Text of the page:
If you use cups, then one of the tasks you will want, at some point, is "Job cancellation"
When this task is first required, I find myself immediately leaping to the following questions:
What port is the cups 'admin interface' running on so I can open the admin web page in a browser?
Do I enter admin / root where the authentication prompt asks for "User Name"?
Where in /etc/ can I find the password for the admin / root user?
...and lastly I am probably about to head out to websearch for 'cups admin default password'
Turns out I am asking all the wrong questions and wasting my time.
How to do Job cancellation in cups:
( should not require a 'sign-in' - the key is group membership )
On a multi-user system, not all users will necessarily have access to a printer.
( It could be that your "Industrial Colour Laser 9000" is not something you want every team in the office to be able to access )
If your OS of choice has a 'server distribution' and 'desktop distribution' (Ubuntu perhaps or the Red Hat / Fedora combination), then some might feel it is appropriate for the 'desktop' version to have automatic membership of lpadmin.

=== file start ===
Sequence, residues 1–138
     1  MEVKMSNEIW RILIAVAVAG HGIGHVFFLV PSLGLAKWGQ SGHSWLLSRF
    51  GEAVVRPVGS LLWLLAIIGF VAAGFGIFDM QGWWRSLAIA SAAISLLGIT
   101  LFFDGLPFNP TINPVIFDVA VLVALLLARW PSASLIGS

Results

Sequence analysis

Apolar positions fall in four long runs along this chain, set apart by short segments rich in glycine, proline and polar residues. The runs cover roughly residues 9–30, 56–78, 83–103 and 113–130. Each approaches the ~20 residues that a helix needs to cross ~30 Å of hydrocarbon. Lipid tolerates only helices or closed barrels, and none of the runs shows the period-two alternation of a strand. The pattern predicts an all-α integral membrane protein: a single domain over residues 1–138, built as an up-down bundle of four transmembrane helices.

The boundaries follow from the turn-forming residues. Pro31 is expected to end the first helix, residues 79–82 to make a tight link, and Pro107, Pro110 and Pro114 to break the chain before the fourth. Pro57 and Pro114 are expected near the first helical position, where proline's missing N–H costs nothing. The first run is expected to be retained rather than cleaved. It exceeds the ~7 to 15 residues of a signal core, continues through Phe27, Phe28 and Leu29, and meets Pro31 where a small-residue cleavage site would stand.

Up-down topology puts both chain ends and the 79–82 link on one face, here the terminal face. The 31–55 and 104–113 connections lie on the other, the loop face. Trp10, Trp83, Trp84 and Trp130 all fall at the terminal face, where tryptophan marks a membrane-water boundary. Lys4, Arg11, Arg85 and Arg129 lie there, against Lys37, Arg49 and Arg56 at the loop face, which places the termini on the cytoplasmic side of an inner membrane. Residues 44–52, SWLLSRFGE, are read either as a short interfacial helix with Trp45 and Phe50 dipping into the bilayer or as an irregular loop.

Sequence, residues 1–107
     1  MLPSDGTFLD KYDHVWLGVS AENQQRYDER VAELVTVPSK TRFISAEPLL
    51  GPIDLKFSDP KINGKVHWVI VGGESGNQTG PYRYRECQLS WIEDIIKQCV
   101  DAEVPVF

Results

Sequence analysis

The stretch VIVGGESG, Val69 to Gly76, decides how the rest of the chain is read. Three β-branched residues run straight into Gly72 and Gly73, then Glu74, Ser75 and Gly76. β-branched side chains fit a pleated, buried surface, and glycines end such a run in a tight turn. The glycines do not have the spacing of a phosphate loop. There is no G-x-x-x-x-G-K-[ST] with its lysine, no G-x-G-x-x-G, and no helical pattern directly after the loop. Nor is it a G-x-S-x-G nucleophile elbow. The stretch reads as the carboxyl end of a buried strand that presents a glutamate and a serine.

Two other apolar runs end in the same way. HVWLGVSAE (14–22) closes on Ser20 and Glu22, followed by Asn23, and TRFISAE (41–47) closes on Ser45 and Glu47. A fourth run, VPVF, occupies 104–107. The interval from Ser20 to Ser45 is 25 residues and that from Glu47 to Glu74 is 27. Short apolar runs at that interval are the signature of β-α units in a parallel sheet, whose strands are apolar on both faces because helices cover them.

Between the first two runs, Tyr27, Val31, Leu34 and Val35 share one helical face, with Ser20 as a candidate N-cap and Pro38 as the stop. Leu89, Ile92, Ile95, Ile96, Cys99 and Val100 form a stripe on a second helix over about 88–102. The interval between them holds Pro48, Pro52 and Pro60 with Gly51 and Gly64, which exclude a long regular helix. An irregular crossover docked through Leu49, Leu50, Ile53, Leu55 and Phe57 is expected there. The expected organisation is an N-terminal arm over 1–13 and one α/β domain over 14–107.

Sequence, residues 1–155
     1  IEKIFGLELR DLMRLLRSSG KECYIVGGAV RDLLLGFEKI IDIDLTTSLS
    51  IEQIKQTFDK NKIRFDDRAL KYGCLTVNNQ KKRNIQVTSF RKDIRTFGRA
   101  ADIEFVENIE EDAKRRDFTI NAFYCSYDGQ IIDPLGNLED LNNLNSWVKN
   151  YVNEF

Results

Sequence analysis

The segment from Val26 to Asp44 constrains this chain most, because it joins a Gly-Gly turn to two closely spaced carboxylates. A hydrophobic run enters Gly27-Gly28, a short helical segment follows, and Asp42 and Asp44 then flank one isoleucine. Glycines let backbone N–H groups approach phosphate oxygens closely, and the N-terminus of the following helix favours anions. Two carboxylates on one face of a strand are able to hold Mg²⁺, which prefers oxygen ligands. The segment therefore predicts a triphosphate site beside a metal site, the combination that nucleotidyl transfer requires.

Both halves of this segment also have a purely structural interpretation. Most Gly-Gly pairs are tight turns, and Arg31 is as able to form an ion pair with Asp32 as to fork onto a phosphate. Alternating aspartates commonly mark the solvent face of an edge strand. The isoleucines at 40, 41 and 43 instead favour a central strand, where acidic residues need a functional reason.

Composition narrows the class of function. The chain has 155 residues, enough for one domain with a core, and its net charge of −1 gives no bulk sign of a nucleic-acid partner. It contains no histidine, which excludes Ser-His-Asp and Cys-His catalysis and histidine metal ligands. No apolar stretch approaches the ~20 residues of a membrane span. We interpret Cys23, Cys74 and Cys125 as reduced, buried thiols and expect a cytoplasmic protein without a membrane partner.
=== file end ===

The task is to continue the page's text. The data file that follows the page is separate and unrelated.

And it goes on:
Once your username is a member of lpadmin, then you can proceed to this screen:
Which will list the queued jobs and offer you the option to 'Cancel' for each job in the queue*.
( Url is http://localhost:631/jobs/ which you can bookmark in your browser )
*Note: you might have to log out & log back in again, in order for the new group membership to take effect, then afterwards access http://localhost:631/jobs/
GNU / Linux has several options for backend printing systems, as I hinted earlier.
If you prefer a different printing backend, then, for Xfce, the settings here:
...and here ...
...will help you switch to an alternative.
Notes and Further reading:
Cups is not universally liked, and different GNU / Linux distributions use more or less of it to their taste.
Quoting from a Red Hat printing tutorial, two advantage of cups are:
- Available on all versions of Unix.
- Can be accessed from a terminal using a text based web browser (such as links).